Exchange and .NET Framework 4.7

Ex2013 Logo A quick heads-up on that .NET Framework 4.7 has recently been released and will be made available through Windows Update channels. The current versions of Exchange Server are not supported with this version of the .NET Framework, and you should not install or update to this version.

Similar to the situation with .NET Framework 4.61 around a year ago, you can prevent  (accidental) upgrades of the .NET Framework by creating the following registry key on your Exchange servers:

HKLM:\Software\Microsoft\NET Framework Setup\NDP\WU\BlockNetFramework47 = 1 (REG_DWORD)

To report on the currently installed .NET Framework version on one or more computers, you can use this PowerShell script, Get-DotNetVersion.ps1. It will not only report the .NET Framework version information, but also if those registry entries to block .NET Framework 4.6.1 or .NET Framework 4.7 upgrades are present.

[PS] C:\> .\get-DotNetVersion.ps1 -ComputerName ex1,ex2 | ft -a

Computer Release NetFramework Net461Block Net47Block
-------- ------- ------------ ----------- ----------
ex1      461268  4.7          False       True
ex2      461268  4.7          False       False

The related article by the Exchange Team on this topic contains steps on how to recover the situation, in case you did upgrade. Of course, with all the dependencies on the .NET Framework by Exchange Server, you may prefer migrating contents to a new Exchange servers with a supported .NET Framework, and decommission servers where you had to remove the unsupported .NET Framework from.

More information can be found in KB4024204.

PS: The updated Unattended Exchange 2013 & 2016 Installation script will now also set the .NET Framework 4.7 blockade registry key.

The UC Architects Podcast Ep63

iTunes-Podcast-logo[1]Episode 63 of The UC Architects podcast is now available. This episode is hosted by Pat Richard, who is joined by Steve Goodman who’s joined by John Cook. Editing was done by Andrew Price.

Topics discussed in this episode are:


  • Exchange 2007 was end of life on April 11th

Office 365

  • Microsoft Teams is GA
  • Microsoft Teams Bandwidth Calculator
  • Microsoft Advanced Threat Protection
  • Google Suite vs Office 365

Lync/Skype for Business

  • Skype for Business updates for Mac
  • Skype for Business Online Trusted Application API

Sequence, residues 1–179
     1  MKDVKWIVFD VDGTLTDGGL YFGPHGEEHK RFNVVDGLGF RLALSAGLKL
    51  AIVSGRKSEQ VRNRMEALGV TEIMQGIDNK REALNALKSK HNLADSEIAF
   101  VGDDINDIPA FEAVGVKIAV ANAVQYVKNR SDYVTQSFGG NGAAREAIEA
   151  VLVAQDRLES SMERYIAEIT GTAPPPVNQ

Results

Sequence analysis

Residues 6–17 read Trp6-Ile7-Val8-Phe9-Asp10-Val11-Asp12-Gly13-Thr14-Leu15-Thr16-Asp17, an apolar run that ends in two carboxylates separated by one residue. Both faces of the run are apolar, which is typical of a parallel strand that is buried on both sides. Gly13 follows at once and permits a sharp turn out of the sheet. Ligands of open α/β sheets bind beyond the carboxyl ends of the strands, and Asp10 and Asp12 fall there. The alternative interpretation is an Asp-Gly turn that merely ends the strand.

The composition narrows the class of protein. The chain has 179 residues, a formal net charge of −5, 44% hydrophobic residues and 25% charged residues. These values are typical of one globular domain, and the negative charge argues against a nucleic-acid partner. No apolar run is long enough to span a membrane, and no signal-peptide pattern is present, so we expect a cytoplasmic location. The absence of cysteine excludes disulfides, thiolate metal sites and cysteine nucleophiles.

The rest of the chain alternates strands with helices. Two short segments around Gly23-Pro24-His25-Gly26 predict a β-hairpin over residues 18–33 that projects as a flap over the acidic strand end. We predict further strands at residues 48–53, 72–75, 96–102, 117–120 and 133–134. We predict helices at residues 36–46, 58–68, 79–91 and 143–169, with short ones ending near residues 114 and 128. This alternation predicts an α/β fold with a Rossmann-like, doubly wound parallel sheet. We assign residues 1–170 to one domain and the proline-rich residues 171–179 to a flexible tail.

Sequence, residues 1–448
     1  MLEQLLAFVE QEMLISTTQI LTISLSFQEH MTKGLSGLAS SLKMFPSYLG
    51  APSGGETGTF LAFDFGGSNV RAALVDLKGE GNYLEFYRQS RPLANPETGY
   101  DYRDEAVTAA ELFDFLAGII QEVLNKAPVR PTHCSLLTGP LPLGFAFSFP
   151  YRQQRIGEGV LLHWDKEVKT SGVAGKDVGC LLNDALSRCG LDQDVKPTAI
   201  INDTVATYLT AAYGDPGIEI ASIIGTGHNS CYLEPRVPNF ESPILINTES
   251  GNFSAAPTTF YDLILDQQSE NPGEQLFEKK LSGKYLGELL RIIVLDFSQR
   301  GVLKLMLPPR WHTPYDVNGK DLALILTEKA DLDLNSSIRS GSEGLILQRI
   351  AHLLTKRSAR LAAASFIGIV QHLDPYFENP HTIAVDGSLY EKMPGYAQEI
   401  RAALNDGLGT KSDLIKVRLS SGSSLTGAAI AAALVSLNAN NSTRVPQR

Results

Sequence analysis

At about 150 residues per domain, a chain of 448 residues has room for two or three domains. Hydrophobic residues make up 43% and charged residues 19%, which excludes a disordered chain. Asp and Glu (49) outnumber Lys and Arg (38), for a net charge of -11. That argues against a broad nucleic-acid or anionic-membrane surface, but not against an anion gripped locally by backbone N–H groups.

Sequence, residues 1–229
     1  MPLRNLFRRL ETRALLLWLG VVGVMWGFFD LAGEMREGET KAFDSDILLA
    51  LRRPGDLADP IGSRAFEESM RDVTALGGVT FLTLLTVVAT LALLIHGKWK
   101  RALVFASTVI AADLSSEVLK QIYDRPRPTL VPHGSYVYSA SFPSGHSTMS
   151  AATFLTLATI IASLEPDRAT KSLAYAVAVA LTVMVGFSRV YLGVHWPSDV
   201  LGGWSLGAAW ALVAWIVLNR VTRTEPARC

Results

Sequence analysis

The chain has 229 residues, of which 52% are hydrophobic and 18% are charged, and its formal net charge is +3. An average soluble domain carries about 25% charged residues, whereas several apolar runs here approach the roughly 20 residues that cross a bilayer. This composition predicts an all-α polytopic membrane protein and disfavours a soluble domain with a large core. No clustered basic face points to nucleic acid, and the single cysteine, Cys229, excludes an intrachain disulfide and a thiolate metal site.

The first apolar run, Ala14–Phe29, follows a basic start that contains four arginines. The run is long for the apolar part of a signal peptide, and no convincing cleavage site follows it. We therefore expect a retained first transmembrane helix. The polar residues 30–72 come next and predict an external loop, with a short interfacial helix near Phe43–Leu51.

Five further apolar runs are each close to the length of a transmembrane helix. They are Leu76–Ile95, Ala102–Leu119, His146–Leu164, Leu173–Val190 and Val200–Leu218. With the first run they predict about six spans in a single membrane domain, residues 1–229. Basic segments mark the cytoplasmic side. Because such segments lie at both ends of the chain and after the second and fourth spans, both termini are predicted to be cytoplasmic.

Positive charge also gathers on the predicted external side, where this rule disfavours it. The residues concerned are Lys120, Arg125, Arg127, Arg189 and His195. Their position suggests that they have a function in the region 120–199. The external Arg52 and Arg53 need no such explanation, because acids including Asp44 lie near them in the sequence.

• Consult Transfer option
  • Lync 2013 CUs for March 2017
  • Skype for Business 2015 CUs
  • RUCT updated
  • Convert-SonusSBCConfigToWord


  • MS Cloud UG
  • UC and Cloud Day UK
  • Office 365 Engage

You can download the podcast here or you can subscribe to the podcasts using iTunes, Zune or use the RSS feed.

The UC Architects is a community podcast by people with a passion for Unified Communications; our main focus is on Exchange, Skype for Business or related subjects.

Speaking at Office 365 Engage 2017

I am happy to announce I will be co-hosting a workshop, as well as present a session at the Office 365 Engage conference. The event will be held in the beautiful city of Haarlem, The Netherlands, from June 19 to June 22.

For an independent event in Europe, track chair Tony Redmond managed to come up with a pretty impressive line-up with lots of Microsoft MVPs, consisting of folks such as Michael van Horenbeeck, Jaap Wesselius, Ingo Gegenwarth, Siegfried Jagott, Brian Reid, Vasil Michev, Paul Robichaux, Chris Goosen, Alan Byrne, Brian Desmond, and last but not least Steve Goodman who I am finally going to meet in person after missing each other for several reasons for the last 5 years.

The single day workshop will be hosted together with Jaap, and we will discuss managing Office 365 and its workloads using PowerShell, and its part of the Office 365 Administration track. The day after, I will be giving a session on Managing Exchange Online using PowerShell – Tips & Tricks, part of the Exchange Online track. If you would like to see something specific addressed, leave it in the comments section or pop me an e-mail.

For visitors, the city of Haarlem, a small distance from Amsterdam or The Netherlands – well, everything in The Netherlands is near, is also a nice city to spend some leisure time. You can check out the Office 365 Engage schedule here. I hope to see you there!

PS: The people behind the conference gave me discount code which you can use when registering. Use code SPRMR467 to get 20% off. You can register here.

Michel de Rooij 728x90

Exchange Updates – March 2017

Ex2013 LogoToday, the Exchange Team released the March updates for Exchange Server 2013 and 2016, as well as Exchange Server 2010 and 2007. The latter will receive its last update, as Exchange 2007 will reach end-of-life April 11, 2017.

As announced in December updates, Exchange 2013 CU16 and Exchange 2016 CU5 require .NET 4.6.2. The recommended upgrade paths:

  • If you are still on .NET 4.6.1, you can upgrade to .NET 4.6.2 prior of after installing the latest Cumulative Update.